Taxfiling season officially opened on January 31 and the BetterBusiness Bureau of Central New England is warning consumers to beware of agrowing crime known as tax preparer fraud. According to the Internal RevenueService, tax preparer fraud occurs when a preparer “alters return informationwithout their clients’ knowledge or consent in an attempt to obtain improperlyinflated refunds or to divert refunds for their personal benefit.” The taxpayeris usually unaware of the preparer’s actions but is left liable for thediscrepancies.
Inresponse to the prevalence of return preparer fraud, here are some schemes tobe cautious of:
- Internet solicitations that direct taxpayers to toll-free numbers and then solicit Social Security numbers.
- Homemade flyers and brochures implying credits or refunds are available without proof of eligibility.
- Offers of free money with no documentation required.
- Promises of refunds for “Low Income — No Documents Tax Returns.”
To find atrustworthy professional to help prepare your taxes, BBB offers these tips:
- Get references and do your research. Get referrals from friends and family on who they use and check out the company’s BBB Business Review.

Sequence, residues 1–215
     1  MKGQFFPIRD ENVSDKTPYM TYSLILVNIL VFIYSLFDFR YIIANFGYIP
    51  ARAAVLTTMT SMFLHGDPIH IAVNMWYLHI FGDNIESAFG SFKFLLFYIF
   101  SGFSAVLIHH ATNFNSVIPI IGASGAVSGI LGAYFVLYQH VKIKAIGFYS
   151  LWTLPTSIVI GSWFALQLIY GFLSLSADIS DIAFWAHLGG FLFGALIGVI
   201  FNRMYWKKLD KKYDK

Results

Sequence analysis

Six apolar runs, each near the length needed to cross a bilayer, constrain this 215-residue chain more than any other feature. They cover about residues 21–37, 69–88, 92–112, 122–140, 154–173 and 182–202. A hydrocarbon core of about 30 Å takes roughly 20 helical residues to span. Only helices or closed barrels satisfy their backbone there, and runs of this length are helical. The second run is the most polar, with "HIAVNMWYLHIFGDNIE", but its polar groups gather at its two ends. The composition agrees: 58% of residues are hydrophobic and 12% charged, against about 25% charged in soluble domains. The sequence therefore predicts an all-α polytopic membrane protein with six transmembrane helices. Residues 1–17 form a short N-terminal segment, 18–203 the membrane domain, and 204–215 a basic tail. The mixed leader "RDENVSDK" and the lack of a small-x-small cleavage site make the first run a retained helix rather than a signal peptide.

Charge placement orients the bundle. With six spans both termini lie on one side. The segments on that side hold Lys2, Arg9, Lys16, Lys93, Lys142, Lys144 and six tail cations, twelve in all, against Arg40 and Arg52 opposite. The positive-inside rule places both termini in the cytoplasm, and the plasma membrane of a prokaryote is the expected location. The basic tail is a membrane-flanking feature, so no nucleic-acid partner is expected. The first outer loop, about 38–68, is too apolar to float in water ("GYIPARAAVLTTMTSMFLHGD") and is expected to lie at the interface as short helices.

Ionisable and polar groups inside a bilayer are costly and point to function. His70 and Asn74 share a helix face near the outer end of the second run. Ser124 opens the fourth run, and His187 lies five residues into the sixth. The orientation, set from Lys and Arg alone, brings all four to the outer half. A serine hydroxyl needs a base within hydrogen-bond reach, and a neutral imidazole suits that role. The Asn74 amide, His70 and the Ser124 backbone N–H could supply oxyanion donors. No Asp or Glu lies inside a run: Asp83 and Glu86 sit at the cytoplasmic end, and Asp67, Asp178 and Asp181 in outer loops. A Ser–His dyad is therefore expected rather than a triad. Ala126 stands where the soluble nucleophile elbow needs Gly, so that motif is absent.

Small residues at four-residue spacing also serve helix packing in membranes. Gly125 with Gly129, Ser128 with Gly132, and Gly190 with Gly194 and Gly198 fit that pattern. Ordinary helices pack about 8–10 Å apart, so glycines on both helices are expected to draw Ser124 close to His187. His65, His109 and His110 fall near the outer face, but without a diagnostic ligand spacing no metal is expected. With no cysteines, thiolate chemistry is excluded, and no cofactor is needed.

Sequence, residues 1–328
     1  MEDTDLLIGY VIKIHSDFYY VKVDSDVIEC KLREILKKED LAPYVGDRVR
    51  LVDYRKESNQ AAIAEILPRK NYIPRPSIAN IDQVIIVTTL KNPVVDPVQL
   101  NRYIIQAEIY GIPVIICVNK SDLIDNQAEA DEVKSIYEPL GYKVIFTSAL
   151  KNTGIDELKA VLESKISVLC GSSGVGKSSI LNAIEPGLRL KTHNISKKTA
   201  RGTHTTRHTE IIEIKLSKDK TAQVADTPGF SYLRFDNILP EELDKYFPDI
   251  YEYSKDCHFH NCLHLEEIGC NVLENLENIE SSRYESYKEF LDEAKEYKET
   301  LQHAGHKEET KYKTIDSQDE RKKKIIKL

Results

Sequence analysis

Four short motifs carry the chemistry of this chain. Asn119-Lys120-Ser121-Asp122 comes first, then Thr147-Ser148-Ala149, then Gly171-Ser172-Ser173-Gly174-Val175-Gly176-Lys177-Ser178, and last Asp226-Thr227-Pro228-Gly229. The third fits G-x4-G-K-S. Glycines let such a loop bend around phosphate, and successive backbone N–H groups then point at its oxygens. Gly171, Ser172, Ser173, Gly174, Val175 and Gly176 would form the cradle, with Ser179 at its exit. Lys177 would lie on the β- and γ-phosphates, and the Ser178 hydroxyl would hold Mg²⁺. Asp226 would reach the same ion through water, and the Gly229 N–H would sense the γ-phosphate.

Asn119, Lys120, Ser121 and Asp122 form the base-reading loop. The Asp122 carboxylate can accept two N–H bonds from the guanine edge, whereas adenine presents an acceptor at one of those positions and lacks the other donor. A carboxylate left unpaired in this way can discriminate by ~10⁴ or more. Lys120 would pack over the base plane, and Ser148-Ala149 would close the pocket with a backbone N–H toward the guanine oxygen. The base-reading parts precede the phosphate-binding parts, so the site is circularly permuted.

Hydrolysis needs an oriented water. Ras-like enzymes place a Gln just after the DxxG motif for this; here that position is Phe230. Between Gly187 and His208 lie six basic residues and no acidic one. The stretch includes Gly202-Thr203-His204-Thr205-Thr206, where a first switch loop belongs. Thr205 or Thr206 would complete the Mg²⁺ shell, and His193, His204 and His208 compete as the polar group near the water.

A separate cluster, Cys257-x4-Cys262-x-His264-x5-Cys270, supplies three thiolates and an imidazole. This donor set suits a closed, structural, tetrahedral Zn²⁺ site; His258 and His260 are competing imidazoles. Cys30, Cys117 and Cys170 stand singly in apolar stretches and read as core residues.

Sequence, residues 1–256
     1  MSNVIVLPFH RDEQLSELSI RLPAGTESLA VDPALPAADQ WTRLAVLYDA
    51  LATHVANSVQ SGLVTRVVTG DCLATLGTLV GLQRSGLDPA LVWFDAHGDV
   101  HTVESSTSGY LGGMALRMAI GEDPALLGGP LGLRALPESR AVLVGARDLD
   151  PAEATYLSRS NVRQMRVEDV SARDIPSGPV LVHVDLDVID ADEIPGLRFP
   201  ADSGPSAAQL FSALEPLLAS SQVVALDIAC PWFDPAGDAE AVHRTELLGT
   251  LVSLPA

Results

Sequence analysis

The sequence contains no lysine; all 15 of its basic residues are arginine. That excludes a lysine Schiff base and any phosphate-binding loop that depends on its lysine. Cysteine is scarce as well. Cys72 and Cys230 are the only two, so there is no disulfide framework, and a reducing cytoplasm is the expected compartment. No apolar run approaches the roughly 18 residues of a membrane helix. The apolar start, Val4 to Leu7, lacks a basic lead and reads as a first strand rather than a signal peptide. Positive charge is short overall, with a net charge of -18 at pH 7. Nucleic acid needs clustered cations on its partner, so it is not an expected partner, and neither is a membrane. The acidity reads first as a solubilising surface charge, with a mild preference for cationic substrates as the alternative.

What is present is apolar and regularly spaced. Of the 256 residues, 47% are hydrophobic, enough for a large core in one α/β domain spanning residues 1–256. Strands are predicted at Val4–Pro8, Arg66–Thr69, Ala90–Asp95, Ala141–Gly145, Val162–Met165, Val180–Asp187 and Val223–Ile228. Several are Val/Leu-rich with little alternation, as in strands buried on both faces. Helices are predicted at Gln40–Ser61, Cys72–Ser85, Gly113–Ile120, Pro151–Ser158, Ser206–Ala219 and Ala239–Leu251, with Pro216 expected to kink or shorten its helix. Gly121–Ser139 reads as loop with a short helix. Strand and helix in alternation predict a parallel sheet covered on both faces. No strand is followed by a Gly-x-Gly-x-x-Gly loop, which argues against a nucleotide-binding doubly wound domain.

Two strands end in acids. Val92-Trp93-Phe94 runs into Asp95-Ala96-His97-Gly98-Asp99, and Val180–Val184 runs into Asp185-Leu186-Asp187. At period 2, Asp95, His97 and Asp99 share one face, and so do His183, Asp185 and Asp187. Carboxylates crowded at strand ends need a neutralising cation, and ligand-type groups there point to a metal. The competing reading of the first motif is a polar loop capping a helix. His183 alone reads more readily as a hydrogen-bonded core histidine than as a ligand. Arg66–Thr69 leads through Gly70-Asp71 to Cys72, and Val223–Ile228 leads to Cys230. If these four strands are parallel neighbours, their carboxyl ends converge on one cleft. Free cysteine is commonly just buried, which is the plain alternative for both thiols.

- Look for credentials. Seek a tax pro who is an enrolled agent, certified public accountant or a tax attorney. These preparers have completed extensive examinations on tax matters and must stay current by meeting continuing professional education requirements. Only CPAs and tax attorneys can represent you in U.S. Tax Court if you are audited.
- Get a firm estimate in writing. The cost of preparing your return will vary depending on the complexity of your information. Before you agree to move forward, present all of your information and get a firm estimate in writing.
- Don’t fall for the promise of big refunds. Be wary of any tax preparation service promising larger refunds than the competition, and avoid tax preparers who base their fee on a percentage of the refund.
Alwaysremember to protect your identity. The IRS has issued severalconsumer warnings about the fraudulent use of the IRS name or logo by scammerstrying to gain access to consumers’ financial information in order to stealtheir identity. The IRS does not initiate taxpayer communications throughemail. Unsolicited email claiming to be from the IRS, or from an IRS-relatedcomponent such as the Electronic Federal Tax Payment System (EFTPS), could be ascam, check into it before opening any links or responding to these emails. Ifyou are unsure of what to do, or you believe you may be the victim of a scamcontact your Better Business Bureau.